If you want to explore multiple alternative interactions quickly, you may be better off with CRC cards, as that avoids a lot of drawing and erasing. It's often handy to have a CRC card session to explore design alternatives and then use sequence diagrams to capture any interactions that you want to refer to later. Other useful forms of interaction diagrams are communication diagrams, for showing connections; and timing diagrams, for showing timing constraints.


When to Use Object Diagrams?
Object diagrams are useful for showing examples of objects connected together. In many situations, you can define a structure precisely which a class diagram, but the structure is still difficult to understand. In these situations, a couple of object diagram examples can make all the difference.


When to Use Package Diagrams?
I find package diagrams extremely useful in larger-scale systems to get a picture of the dependencies between major elements of a System. These diagrams correspond well to common programming structures. Plotting diagrams of packages and dependencies helps you keep an application's dependencies under control. Package diagrams represent a compile-time grouping mechanism.

For showing how objects are composed at runtime, use a composite structure diagram.


When to Use Deployment Diagrams?
They are very handy in showing what is deployed where, so any nontrivial deployment can make good use of them.


When to Use "Use Cases"?
Use cases are a valuable tool to help understand the functional requirements of a system. A first pass at use cases should be made early on. More detailed versions of use cases should be worked just prior to developing that use case.

It is important to remember that use cases represent an external view of the system. As such, don't expect any correlations between use cases and the classes inside the System.

The more I see of use cases, the less valuable the use case diagram seems to be. With use cases, concentrate your energy on their text rather than on the diagram. Despite the fact that the UML has nothing to say about the use case text, it is the text that contains all the value in the technique.

A big danger of use cases is that people make them too complicated and get stuck. Usually, you'll get less hurt by doing too little than by doing too much. A couple of pages per use case is just fine for most cases. If you have too little, at least you'll have a short, readable document that's a starting point for questions. If you have too much, hardly anyone will read and understand it.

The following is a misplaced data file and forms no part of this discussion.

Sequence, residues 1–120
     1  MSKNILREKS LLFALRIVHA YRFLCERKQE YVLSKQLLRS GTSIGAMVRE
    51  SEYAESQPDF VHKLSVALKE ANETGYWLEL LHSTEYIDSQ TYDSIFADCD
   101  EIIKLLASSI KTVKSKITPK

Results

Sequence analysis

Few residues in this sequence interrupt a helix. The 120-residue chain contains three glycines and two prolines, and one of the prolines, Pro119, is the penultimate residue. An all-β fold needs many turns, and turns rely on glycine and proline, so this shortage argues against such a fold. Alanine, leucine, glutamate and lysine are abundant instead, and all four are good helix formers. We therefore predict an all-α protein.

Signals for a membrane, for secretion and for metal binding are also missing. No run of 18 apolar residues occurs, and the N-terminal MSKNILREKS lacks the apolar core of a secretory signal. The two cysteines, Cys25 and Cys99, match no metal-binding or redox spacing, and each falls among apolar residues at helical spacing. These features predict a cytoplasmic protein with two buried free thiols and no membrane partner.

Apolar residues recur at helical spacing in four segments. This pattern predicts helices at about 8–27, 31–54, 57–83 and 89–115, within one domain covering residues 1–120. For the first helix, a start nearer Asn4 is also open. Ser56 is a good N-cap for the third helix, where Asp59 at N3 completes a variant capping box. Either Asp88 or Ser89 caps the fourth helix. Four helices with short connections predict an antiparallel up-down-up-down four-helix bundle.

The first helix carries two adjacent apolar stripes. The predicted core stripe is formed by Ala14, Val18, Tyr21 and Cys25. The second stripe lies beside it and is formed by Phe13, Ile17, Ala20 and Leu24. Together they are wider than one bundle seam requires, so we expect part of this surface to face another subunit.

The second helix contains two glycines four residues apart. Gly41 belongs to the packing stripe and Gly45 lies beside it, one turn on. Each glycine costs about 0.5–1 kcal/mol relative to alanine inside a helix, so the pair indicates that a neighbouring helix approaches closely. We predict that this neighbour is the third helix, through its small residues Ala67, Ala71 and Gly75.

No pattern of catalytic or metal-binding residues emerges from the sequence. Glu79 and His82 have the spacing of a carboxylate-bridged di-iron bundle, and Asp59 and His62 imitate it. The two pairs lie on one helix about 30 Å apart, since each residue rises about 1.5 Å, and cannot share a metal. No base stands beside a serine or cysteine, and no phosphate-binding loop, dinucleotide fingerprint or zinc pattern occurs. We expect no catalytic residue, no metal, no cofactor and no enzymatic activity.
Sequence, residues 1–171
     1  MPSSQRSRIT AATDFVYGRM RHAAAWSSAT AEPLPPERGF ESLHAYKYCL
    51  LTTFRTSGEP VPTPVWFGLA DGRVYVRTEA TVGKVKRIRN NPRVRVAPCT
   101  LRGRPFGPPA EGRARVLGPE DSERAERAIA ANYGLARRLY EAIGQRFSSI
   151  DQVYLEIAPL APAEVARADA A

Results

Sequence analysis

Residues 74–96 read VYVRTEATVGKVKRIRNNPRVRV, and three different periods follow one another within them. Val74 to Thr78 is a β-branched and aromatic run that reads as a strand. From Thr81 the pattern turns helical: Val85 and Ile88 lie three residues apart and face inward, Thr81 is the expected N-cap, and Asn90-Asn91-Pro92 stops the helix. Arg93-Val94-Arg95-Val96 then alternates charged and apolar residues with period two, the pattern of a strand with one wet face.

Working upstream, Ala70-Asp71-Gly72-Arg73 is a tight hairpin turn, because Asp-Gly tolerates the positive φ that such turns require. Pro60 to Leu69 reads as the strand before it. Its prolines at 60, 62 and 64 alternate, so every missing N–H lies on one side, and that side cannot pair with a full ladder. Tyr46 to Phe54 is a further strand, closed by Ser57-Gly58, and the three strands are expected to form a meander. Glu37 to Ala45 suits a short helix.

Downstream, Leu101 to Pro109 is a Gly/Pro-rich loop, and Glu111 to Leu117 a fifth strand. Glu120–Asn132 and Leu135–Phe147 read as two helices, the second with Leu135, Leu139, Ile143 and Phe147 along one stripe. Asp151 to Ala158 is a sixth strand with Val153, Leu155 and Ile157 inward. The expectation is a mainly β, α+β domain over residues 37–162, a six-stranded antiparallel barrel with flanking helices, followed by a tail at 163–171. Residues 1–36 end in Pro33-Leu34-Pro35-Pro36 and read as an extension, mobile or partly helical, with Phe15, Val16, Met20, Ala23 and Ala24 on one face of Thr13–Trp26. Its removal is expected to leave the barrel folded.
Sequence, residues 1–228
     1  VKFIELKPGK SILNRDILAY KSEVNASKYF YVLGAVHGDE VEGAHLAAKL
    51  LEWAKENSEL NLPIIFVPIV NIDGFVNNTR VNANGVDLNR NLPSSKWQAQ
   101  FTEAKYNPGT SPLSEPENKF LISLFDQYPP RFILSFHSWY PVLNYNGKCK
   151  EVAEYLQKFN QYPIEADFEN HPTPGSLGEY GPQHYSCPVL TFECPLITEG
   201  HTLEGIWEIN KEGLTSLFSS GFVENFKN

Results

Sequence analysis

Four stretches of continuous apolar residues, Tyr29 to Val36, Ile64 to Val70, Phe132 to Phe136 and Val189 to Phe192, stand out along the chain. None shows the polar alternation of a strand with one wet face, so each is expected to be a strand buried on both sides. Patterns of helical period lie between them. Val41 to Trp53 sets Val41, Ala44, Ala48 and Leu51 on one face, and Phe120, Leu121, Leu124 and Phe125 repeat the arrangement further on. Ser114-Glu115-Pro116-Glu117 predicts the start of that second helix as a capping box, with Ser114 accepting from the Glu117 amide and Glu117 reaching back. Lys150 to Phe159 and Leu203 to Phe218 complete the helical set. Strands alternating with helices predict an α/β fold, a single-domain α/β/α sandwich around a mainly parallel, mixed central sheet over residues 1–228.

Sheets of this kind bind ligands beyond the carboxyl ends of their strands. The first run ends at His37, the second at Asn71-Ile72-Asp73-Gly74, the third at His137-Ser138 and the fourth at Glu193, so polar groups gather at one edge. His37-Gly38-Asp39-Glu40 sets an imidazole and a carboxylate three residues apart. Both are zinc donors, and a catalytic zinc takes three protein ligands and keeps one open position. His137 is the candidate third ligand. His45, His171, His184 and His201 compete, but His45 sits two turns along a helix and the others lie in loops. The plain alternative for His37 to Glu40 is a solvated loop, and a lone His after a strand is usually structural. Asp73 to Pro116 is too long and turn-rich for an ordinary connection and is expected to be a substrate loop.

When to Use Stare Diagrams?
Stare diagrams are good at describing the behavior of an object across several use cases. Stare diagrams are not very good at describing behavior that involves a number of objects collaborating. As such, it is useful to combine state diagrams which other techniques. For instance, interaction diagrams are good at describing the behavior of several objects in a single use case, and activity diagrams are good at showing the general sequence of activities for several objects and use cases.

Not everyone finds state diagrams natural. Keep an eye on how people are working with them. It may be that your team does not find state diagrams useful to its way of working. That is not a big problem; as always, you should remember to use the mix of techniques that works for you.

If you do use state diagrams, don't try to draw them for every class in the System. Although this approach is often used by high-ceremony completest, it is almost always a waste of effort. Use state diagrams only for those classes that exhibit interesting behavior, where building the state diagram helps you understand what is going on. Many people find that UI and control objects have the kind of behavior that is useful to depict which a state diagram.